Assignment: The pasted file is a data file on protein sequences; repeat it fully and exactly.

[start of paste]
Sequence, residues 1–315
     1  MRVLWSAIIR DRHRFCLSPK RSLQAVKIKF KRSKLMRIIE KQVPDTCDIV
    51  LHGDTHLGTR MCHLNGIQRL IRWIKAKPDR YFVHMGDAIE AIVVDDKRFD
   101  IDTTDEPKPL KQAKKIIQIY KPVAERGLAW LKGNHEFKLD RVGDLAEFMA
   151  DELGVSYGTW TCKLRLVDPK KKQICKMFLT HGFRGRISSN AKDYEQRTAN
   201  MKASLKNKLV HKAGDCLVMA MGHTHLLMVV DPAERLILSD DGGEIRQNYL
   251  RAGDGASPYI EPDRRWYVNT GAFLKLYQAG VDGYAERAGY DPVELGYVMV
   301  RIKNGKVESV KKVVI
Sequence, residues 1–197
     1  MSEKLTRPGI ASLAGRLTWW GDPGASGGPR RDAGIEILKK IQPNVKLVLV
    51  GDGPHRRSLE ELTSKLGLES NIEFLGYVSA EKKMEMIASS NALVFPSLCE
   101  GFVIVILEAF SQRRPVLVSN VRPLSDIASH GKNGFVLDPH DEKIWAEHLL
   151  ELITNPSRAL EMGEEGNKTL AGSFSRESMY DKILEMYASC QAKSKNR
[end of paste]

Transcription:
Sequence, residues 1–315
     1  MRVLWSAIIR DRHRFCLSPK RSLQAVKIKF KRSKLMRIIE KQVPDTCDIV
    51  LHGDTHLGTR MCHLNGIQRL IRWIKAKPDR YFVHMGDAIE AIVVDDKRFD
   101  IDTTDEPKPL KQAKKIIQIY KPVAERGLAW LKGNHEFKLD RVGDLAEFMA
   151  DELGVSYGTW TCKLRLVDPK KKQICKMFLT HGFRGRISSN AKDYEQRTAN
   201  MKASLKNKLV HKAGDCLVMA MGHTHLLMVV DPAERLILSD DGGEIRQNYL
   251  RAGDGASPYI EPDRRWYVNT GAFLKLYQAG VDGYAERAGY DPVELGYVMV
   301  RIKNGKVESV KKVVI
Sequence, residues 1–197
     1  MSEKLTRPGI ASLAGRLTWW GDPGASGGPR RDAGIEILKK IQPNVKLVLV
    51  GDGPHRRSLE ELTSKLGLES NIEFLGYVSA EKKMEMIASS NALVFPSLCE
   101  GFVIVILEAF SQRRPVLVSN VRPLSDIASH GKNGFVLDPH DEKIWAEHLL
   151  ELITNPSRAL EMGEEGNKTL AGSFSRESMY DKILEMYASC QAKSKNR